The cost of nearly everything – from fuel to food – is the highest it’s been in 40 years. Families need economic empowerment now. Restoring the expanded, monthly refundable Child Tax Credit (CTC) and the Earned Income Tax Credit (EITC) is the most immediate, meaningful, and direct way to help families meet basic needs as they navigate an uncertain economy.
When it was enacted, the expanded CTC slashed child poverty, infused local economies with tens of billions of dollars, and immediately reduced food insecurity by nearly one-third. If restored, the expanded CTC and EITC could provide relief to 36 million families with kids and 17 million individuals without children within weeks – all the more reason we need to expand both credits again.
The monthly, fully refundable CTC lifted nearly 4 million children from poverty, and nearly 66 million – 90% of children in the country – benefited from the program. Under current law, millions of children are once again excluded.
- The expanded monthly CTC payments, in place from July to December 2021, paid 36 million families an average of $444 per month, covering the entire cost of inflation for many.
- The EITC, which was expanded to include younger workers and seniors in the workforce, provided an average of $700 more to 17 million workers without children in the home.
- 670,000 children in veteran or active duty families are now excluded from the full credit because their parents don’t earn enough.
- 18.6 million children – including 4.2 million Black, 6.6 million Latino, 498,000 Asian, 576,000 American Indian or Alaska native, 6 million white, and 872,000 multiracial or children of other races – are now excluded from the full credit because their parents earn too little.
Parents across both parties prefer a child credit that doesn’t depend on a parent’s work status by a margin of 2 to 1 (56% to 26%)
- Republican parents without a college degree prefer no earnings requirement by a margin of 52% to 29%.
Every study that analyzed real-time data finds the CTC had no negative employment impacts.
- Federal Reserve Bank of Dallas: CTC helped financially strained parents work more, especially women with an unemployed spouse, by helping cover expenses that were barriers to entering the workforce, like transportation and child care.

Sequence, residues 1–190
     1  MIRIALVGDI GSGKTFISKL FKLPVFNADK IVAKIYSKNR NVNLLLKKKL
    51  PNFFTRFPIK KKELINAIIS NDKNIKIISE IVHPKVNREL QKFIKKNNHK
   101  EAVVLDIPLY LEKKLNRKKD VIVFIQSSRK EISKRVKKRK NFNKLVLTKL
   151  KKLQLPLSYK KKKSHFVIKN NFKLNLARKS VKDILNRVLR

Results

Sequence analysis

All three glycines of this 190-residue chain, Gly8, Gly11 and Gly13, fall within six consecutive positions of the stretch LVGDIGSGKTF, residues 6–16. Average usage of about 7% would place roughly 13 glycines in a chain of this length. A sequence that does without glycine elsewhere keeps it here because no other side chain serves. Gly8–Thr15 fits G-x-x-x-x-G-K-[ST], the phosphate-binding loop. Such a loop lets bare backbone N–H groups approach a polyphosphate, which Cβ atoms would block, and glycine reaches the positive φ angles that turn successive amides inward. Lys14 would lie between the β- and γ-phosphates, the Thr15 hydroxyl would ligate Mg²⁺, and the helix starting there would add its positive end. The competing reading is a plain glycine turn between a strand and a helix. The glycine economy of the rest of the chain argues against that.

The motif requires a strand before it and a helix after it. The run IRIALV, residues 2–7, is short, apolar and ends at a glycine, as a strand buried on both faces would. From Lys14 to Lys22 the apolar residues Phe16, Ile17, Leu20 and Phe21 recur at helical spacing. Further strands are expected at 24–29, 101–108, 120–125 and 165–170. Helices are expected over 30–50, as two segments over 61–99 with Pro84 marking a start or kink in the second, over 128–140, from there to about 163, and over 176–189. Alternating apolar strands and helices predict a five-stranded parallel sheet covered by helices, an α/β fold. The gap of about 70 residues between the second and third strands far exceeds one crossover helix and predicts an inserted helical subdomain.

- Census Household Pulse data: CTC caused no drop in employment. “We see no difference in employment trends between parents and non-parents before and after CTC payments started going out.”
- American Enterprise Institute: No net employment effect. 90 percent of recipient parents reported no change to their work, with 5 percent working more and 5 percent working less.
- Appalachian State University: CTC helped people advance their careers. People who were eligible for CTC were 1.3 times more likely to start new professional training.
- CLASP: CTC helped parents get back to work. One-quarter of respondents said monthly payments made it easier for them to get paid work or work more. Black respondents were twice as likely as white respondents to say so, and lower-income respondents were more likely to say so than higher-income counterparts.
Since the Child Tax Credit’s expiration, about 3.7 million children have fallen back into poverty.
- A report from Columbia University found that in the months since the CTC expired 3.7 million fell back into poverty, nearly the same amount of kids who were lifted from poverty when the payments began.
- Nationwide nearly 10 million children are at risk of falling into or deeper into poverty.
State and local economies will lose out if the expanded CTC and EITC are not revived. The expanded CTC generated nearly $20 billion of economic activity – every month.
- If Congress fails to reinstate the Child Tax Credit, the U.S. could lose a staggering $97 billion net benefit according to the Niskanen Center.
- Over 200 economists agree: “The expanded monthly refundable CTC, at under 0.4% of GDP, is simply too small to increase inflation, but it will help families meet rising costs.”
The CTC would especially benefit rural American families. A study from Niskanen Center found that families living in rural America have received outsized benefits from the CTC, earning more from CTC payments on the dollar than their city-dwelling counterparts.
- Restoring the expanded CTC would provide the largest relative per capita benefit for children in rural states with low economic output.
Across the U.S., 3 million – or 32% of – children living in rural areas are now excluded from the full credit due to lack of full refundability, compared to 26% of children in metro areas.
Click to download fact sheets for each state, or download all fact sheets.
- Nationwide Fact Sheet
- New Hampshire
- New Jersey
- New Mexico
- New York
- North Carolina
- North Dakota
- Rhode Island
- South Carolina
- South Dakota
- West Virginia